The Ugandan writer, Kalundi Serumaga, that most perceptive of writers, pointed out the character of the colonial city thus: There are worship places for European, Asian and Arab religions in the colonies. African religion is denied.
There lay the root of the problem. What creative levers can a people whose theology has been criminalised pull? Were we forever going to define African art in Arab and European traditions because we had abandoned our theology for theirs?
Writing can be done, anyhow. For writers from former colonies, the difficulty was manifold. If you are coming from a damaged culture, the path to writing is double-barred.
First you must reconstruct a coherent metaphysical guide before the business of writing can start. Settled and uncriminalised cultures provide writers with a solid backdrop of ideas they take for granted, seeing what they do, not as the product of their society, but of their own genius. That was one.
The second challenge was to patch together a publishing concern, in a region where no literary publishers existed.
It was an impossible call. No wonder Binyavanga was always in a hurry. He set about building a founding metaphysics, getting the writing going on the back of that and then getting it published.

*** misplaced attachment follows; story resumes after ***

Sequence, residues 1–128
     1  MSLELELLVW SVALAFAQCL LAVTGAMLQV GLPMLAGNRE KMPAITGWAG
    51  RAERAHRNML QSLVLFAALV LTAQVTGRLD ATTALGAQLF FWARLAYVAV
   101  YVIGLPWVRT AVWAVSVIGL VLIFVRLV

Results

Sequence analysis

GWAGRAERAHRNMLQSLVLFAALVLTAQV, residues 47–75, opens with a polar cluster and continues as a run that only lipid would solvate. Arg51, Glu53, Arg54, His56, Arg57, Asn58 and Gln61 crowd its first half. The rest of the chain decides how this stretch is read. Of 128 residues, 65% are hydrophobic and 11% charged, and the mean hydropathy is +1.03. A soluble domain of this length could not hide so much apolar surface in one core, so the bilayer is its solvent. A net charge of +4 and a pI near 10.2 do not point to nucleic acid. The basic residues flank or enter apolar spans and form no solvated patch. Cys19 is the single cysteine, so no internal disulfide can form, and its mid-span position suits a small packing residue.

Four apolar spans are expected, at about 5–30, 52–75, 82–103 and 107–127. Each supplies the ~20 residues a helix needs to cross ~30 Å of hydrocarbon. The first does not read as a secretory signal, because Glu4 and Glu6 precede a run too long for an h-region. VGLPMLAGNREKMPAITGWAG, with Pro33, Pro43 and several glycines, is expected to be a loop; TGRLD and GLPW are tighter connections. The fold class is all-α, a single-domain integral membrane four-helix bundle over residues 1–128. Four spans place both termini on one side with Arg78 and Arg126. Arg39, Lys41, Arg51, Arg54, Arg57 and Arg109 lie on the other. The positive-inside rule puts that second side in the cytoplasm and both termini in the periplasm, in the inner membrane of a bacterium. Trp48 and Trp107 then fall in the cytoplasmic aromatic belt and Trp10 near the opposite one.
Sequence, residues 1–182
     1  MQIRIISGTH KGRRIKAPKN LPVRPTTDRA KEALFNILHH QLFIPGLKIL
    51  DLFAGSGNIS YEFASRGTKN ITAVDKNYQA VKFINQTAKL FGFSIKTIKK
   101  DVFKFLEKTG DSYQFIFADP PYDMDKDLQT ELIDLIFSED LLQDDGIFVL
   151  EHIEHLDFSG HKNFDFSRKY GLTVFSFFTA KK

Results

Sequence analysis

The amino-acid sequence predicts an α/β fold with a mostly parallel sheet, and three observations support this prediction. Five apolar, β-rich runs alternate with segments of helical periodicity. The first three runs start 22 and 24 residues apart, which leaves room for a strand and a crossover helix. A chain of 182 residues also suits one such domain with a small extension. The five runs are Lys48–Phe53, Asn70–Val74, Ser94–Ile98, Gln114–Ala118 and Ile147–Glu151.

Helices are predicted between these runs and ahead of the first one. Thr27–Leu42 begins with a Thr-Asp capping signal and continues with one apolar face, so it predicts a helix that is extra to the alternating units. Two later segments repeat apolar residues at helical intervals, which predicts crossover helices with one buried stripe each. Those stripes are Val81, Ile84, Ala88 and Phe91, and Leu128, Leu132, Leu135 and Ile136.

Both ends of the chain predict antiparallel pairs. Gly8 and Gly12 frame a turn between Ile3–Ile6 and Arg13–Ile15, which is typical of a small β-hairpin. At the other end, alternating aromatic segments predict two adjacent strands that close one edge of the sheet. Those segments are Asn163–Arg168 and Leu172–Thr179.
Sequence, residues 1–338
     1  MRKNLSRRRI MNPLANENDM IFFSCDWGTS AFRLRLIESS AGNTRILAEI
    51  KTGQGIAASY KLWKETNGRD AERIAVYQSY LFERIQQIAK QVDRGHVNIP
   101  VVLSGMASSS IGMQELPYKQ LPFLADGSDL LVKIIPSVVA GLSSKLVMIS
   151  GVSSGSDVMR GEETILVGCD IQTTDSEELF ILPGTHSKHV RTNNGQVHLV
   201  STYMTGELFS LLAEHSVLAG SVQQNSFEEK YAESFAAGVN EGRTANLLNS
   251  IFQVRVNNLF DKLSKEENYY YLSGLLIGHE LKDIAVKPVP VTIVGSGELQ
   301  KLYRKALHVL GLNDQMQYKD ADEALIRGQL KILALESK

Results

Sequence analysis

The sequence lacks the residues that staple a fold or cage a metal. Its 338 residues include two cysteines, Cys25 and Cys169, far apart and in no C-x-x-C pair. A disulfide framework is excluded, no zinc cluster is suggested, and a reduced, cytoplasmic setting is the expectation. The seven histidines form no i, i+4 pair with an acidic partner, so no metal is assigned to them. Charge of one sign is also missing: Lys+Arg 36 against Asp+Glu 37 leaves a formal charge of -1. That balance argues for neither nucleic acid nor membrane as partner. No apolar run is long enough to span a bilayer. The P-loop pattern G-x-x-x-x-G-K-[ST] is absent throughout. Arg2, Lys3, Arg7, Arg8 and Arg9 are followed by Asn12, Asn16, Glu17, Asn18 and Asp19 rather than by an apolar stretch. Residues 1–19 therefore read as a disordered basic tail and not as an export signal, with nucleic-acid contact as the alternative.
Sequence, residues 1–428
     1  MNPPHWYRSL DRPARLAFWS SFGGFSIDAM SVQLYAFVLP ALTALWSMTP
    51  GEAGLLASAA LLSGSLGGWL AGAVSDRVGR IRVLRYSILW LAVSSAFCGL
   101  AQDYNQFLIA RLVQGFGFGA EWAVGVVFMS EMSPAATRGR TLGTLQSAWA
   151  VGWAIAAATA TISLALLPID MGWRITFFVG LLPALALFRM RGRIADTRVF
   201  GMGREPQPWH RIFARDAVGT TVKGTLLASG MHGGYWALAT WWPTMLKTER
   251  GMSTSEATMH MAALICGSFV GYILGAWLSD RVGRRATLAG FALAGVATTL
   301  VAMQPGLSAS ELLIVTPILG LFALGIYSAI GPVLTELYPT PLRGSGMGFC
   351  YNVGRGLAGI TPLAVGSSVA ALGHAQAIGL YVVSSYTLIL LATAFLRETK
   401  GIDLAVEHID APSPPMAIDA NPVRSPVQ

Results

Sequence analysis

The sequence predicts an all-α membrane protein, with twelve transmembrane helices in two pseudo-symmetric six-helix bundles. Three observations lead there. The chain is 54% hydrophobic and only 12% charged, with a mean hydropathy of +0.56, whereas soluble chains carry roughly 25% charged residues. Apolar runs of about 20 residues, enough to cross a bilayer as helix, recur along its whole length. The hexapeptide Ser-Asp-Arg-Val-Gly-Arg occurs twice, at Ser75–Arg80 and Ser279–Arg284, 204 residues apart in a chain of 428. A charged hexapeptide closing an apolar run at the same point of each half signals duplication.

I could tell that he set out to scramble the very structures of discourse. If the intention of 19th century powers had been to discombobulate African intellectuals, then why not mix everything up, throw it all out there?
For how, in the fourth decade of decolonisation, do you open a discourse on African societies? Do you follow the universities and still be genuinely African, when the very universities were and still are the pillars of the colonial project?
Do you jump on the activist bandwagon and still claim to be intellectual? Do you pick up and extend the African Writers Series when that project itself had been — for all the ardour and energy a money-minting imprint of an imperial publishing empire?